Mech pilot Red Watters (yes, that’s his name) is your typical hot-blooded, reckless military maverick who is the best at what he does, but goes his own way without respecting the chain of command. However, unlike many other mavericks, Red is arrested after going on his initial mission in ‘Atlantic Rim,’ and destroying a lot of property and lives, earning him a trip to the brig instead of begrudging praise from those higher up on the command chain.

In our own stories, having a military maverick actually face consequences for their actions tells our audience that the characters in your story expect competence and don’t fool around. While it’s fine to bend the rules in fiction, it can be more surprising to see them strictly enforced.

Avoid having characters describe what just happened to other characters

Shortly after Red defeats the first monster, he happily tells Tracy and Jim what just happened, gleefully describing his exploits. While it’s logical to tell others what they couldn’t have seen, we, the audience, saw the events described, making the scene redundant and eating up screen time that could have been devoted to something more interesting.

When faced with needing to inform other characters in our own stories about events that have happened, the best option is to either have said characters be told off-screen, or saying something like, ‘It only took a few minutes for Carl to breathlessly tell the others about the dangers he had faced, and what they would be soon going up against.’

Consider poking fun at love-triangle cliches

Near the end of ‘Atlantic Rim’s second act, Red, Tracy, and Jim are celebrating and drinking in a bar (despite not having done anything to stop the latest monster attack), when Tracy and Jim nervously tell Red that they kissed each other, making us think that we’re going to be subjected to a late-game love triangle… only to have Red laugh and brush it off, revealing that he doesn’t care. Moments later, the three set off to save New York, and the love triangle is never seen or heard from again.

Love triangles may be among the most irritating story conventions to be found in fiction, especially where they aren’t wanted or needed, which makes ‘Atlantic Rim’ s take on the matter refreshing. Doing the same in our own works will tell our audiences that we know how annoying these triangles are, and that we aren’t going to subject them to one.

Consider having your missing thing be used as a weapon by the monster

Tell me if you’ve seen this before: A well-equipped group is searching for a monster (or in territory where there are monsters) and one of their distant vehicles or team members suddenly goes silent. It’s all too common for everyone else to suffer the same fate moments later, but I like how ‘Atlantic Rim’ handles this tripe: A submarine goes silent while hunting for an undersea monster, and the aircraft carrier in command of a naval fleet tries to get in touch with them, only for the submarine to be then thrown from the water into the carrier, sinking it.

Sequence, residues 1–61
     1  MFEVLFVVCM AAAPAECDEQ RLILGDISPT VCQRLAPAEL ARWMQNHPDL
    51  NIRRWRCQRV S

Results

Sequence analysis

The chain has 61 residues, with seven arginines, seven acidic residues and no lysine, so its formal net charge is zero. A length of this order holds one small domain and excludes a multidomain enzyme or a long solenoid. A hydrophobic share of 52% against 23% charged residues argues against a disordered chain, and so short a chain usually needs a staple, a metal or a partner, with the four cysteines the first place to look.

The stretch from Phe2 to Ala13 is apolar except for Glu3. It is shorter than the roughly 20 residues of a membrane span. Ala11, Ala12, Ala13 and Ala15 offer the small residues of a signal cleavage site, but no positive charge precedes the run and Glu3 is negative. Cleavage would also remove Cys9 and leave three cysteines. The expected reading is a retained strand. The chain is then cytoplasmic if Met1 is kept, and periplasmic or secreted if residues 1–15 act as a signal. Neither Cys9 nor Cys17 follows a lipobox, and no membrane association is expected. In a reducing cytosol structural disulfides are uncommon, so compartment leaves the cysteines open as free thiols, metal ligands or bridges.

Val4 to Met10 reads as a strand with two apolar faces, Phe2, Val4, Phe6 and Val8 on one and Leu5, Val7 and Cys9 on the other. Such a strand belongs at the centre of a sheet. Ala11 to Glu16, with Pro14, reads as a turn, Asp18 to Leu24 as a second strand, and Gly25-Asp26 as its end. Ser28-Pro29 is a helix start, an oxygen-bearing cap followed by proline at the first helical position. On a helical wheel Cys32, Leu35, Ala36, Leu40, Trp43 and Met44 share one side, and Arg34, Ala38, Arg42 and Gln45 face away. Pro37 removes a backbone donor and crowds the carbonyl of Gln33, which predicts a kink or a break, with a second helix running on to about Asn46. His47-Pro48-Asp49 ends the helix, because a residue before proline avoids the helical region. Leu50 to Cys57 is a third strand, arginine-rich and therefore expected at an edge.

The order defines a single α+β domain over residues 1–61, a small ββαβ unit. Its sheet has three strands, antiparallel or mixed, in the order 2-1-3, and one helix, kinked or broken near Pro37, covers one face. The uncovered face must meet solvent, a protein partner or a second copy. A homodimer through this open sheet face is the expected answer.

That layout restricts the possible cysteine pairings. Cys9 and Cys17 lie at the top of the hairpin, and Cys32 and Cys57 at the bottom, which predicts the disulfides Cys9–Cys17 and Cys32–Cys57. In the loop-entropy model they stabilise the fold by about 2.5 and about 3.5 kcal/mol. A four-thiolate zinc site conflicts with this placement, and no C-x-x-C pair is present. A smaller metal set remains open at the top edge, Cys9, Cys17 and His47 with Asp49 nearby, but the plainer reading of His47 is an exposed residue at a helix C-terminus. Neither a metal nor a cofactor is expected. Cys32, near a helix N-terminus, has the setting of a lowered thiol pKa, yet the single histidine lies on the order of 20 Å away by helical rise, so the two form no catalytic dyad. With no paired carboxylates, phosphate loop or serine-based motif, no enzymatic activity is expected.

Aside from the visceral thrill of seeing two huge vehicles slam into one another, having your monster/villain throw their prey back at those who are looking for him/her/it can be a great moment to show that the monster is more than just a dumb brute: By throwing their prey back, they can show intelligence by using it to destroy something else, demoralize others by taunting them, or humor, as if saying, ‘Oh, looking for this? Okay, here you go!’

When all else fails, throw your enemies into space

After what feels like 15 minutes of whacking the final monster with melee weapons, Red realizes that such tactics aren’t going to defeat it. So, what does he do? Ram the beast, fly it into the atmosphere, and eject it into outer space (where it explodes). It’s a simple but effective method, as hurling your enemy into outer space is a nearly foolproof way of getting rid of them for good. After all, space is really big, and once your enemy is thrown into it (presumably without any rockets, jet packs, or engines), they have nothing to grab onto, ensuring that they can’t come back.

The Takeaway:

When your story has an egomaniac military maverick, have them face serious consequences for their actions, while also avoiding love triangles, not having one character tell others what we’ve already seen, having the monster of the story use a missing object/individual as a weapon to showcase their intelligence, and then defeat that monster for good by hurling it into the void of space.

What we can learn from: ‘Killer Fish’

NOTE: My apologies for posting this two days late: Christmas and all it’s related fiascos has been taking up more of my time than I expected.

Forget Jaws. Forget ‘Deep Blue Sea’, ‘47 Meters down’ or ‘The Shallows’. If you’re looking for man vs killer aquatic animal action, look no further than the 1979 Italian caper, ‘Killer Fish’, a gripping, heart-pounding tale of criminals vs some of the most ferocious fish ever known to mankind!

Okay, it’s not that exciting. Or quick-paced. Or even on league with the aforementioned films. ‘Killer Fish’ won’t win any awards or be remembered out of bad film circles, but with its beautiful scenery, silly effects, and groovy 70’s soundtrack, it’s good for a laugh or two. Let’s dig in and see what writers can learn from this tale of diamond thieves vs fish.

When doing a killer monster movie, give a tease of your monster at the beginning

It may be a cliché, but giving your audience a tease of the monster at the beginning of the story (without fully revealing it, of course) gives them a delicious tease of the carnage to come after the inevitable first-act setup. In ‘Killer Fish’, however, the piranha are nowhere to be seen for the first half hour, as the film instead focuses on people blowing up a refinery, stealing diamonds, and then sneaking through a jungle and starting to argue with each other at a resort, leaving the audience wondering if they came to the wrong movie by accident; they came to see piranha wreaking havoc, not a criminal heist movie.